In other words, BP’s argument is based on inflating the costs of NREGA and deflating the benefits. This accounting spills over to their espousal of cash transfers: how a cash transfer system will identify the poor is glossed over, as is the inherent self-selection advantage of NREGA (clearly only the most needy are willing to do hard manual work), which after all provides a conditional cash transfer. If instead BP intend cash transfers to be universal to avoid the problem of targeting, there would be enormous leakages in terms of transfers to the well-off.

BP assert that the poor wish to exit from public schemes. That assertion appears irrelevant here, as the large unmet demand for NREGA shows no sign of the poor wanting out. National Sample Survey data for 2009/10 show that in Uttar Pradesh 36% of rural households wanted to work under NREGA, of whom slightly less than half actually did. The problem will not disappear if the programme is confined only to the 200 poorest districts: even in richer states like Punjab, Haryana and Gujarat respectively 31%, 20% and 38% of rural households want to work on that programme. For India as a whole, among the poorest two quintiles of rural households, over 40% of those who want NREGA employment did not get it. This reflects bad governance (which was worse in poorer states), not a mass exodus. What is called for is better implementation and oversight, not a dismantling of the programme. After all, the new government has been elected on the promise of improving governance.

Shortcomings of NREGA implementation have certainly been reported: these include delays in wage payments, benami (unnamed) payments, unmet work requests and material irregularities. Yet numerous careful studies based on independent household survey data have shown significant benefits in terms of income security for the most vulnerable. NREGA provides employment to some 50 million rural households, affecting the lives of up to 250 million individuals. When more than 90% of the workforce is informal and lacks access to social security, this is a critical intervention in terms of providing a safety net. Leakage rates remain substantial, but they are declining and no higher than in many other subsidy programs.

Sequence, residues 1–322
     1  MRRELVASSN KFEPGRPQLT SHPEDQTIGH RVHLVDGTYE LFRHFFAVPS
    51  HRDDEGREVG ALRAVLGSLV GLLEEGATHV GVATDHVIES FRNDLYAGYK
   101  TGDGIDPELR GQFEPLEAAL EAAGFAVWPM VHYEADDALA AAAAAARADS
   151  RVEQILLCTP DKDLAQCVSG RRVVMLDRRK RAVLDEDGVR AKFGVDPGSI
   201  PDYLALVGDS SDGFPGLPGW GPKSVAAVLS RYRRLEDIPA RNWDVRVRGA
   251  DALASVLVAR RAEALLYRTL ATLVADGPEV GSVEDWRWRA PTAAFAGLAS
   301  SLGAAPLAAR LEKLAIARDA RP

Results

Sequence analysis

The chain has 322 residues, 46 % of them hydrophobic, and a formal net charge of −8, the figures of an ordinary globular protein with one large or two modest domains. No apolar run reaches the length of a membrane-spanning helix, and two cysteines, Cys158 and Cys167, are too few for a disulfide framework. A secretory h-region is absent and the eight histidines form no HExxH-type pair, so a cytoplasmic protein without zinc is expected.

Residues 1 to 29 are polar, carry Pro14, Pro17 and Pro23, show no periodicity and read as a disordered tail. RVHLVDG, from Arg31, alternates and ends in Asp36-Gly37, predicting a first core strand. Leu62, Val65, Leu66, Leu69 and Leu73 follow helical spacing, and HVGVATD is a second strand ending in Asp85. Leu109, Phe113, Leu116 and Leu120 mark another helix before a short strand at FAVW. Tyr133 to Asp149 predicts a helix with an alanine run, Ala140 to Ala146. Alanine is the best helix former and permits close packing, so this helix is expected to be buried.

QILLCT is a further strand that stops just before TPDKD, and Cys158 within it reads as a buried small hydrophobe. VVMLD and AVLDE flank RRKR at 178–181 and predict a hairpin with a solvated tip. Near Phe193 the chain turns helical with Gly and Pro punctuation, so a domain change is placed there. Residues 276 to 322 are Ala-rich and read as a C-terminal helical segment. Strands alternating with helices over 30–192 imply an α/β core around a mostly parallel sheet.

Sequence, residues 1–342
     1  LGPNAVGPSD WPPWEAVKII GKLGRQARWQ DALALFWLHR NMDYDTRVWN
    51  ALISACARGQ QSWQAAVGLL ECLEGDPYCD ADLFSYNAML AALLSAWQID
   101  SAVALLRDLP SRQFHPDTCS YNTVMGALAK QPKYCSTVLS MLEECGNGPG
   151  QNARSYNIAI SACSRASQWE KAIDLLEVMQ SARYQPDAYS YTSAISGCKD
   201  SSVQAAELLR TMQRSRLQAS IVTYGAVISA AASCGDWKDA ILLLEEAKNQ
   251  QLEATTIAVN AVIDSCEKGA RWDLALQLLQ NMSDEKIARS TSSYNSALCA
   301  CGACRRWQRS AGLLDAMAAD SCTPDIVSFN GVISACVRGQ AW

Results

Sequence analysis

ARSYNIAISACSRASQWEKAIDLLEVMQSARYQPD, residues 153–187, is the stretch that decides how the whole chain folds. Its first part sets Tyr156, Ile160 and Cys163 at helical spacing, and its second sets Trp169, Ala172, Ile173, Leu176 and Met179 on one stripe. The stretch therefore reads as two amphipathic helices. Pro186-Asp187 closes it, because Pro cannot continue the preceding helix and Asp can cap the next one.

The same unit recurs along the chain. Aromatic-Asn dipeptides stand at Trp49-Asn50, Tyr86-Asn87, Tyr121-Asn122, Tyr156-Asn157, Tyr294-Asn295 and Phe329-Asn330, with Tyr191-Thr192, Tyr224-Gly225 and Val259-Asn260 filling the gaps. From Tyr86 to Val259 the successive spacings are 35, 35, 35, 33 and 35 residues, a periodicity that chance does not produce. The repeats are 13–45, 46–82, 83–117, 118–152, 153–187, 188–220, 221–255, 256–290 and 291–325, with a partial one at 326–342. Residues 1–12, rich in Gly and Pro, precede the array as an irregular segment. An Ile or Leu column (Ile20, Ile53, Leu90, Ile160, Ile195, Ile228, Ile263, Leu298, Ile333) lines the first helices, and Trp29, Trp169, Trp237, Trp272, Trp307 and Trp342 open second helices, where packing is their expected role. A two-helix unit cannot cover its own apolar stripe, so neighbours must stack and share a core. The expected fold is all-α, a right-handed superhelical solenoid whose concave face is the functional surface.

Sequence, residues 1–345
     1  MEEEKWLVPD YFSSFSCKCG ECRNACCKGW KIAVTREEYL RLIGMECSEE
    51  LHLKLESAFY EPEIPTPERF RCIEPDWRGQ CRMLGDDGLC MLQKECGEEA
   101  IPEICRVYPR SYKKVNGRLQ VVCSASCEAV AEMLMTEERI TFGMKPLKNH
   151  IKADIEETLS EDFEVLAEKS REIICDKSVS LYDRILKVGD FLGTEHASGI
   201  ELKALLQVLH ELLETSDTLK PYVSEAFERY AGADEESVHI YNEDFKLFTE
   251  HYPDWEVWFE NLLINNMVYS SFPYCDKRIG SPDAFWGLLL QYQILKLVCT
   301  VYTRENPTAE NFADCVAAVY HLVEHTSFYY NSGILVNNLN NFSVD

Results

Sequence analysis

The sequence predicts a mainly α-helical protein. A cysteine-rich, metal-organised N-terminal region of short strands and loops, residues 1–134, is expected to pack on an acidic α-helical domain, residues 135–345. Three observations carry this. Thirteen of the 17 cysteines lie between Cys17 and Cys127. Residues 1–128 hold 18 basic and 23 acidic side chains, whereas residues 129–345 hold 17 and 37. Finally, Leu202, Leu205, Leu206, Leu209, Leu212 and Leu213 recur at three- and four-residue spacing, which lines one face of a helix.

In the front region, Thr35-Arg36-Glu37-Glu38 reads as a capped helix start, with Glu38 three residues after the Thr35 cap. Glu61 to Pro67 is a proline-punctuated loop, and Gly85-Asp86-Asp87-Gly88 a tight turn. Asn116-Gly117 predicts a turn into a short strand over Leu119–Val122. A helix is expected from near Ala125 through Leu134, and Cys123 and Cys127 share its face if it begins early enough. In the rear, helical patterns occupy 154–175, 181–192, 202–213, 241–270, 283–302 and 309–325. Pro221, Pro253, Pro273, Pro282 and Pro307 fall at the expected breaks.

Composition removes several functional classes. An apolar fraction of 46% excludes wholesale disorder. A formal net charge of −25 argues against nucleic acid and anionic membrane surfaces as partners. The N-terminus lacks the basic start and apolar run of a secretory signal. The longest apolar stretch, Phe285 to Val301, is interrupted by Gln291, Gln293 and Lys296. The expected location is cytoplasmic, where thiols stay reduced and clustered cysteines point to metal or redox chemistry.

We share BP’s lament about “the folly of embracing substantial spending programmes unmatched by revenues”, but not their inference that “this alone justifies the decision to confine NREGA to 200 poorest districts”. To put matters in perspective, consider estimates by the National Institute of Public Finance and Policy of total “non-merit” subsidies (implicit and explicit, Centre and States) to the better-off in India: about 9% of GDP, over 20 times the expenditure on NREGA (less than 0.4% of GDP). Surely, there are better ways of ensuring fiscal responsibility than to deprive millions of workers of an important (and sometimes crucial) source of livelihood.

We do not claim that all is well with NREGA. The programme needs better design and implementation, not slow suffocation. In the public debate surrounding NREGA, differences of opinion are inevitable, and even welcome, but it is important to pay close attention to the considerable evidence that has accumulated.

A version of this article originally appeared in the Times of India on 9th November 2014.

Cover image: “Work in progress at an NREGA site under ‘apna khet, apna kaam’ (my field, my work). Medhbanchi, Dungarpur, Rajasthan”. Credit: flickr/UN Women Asia & the Pacific

About the Authors

The authors are professors of economics at Princeton University, University of California Berkeley, London School of Economics, University of British Columbia, Boston University and New York University respectively.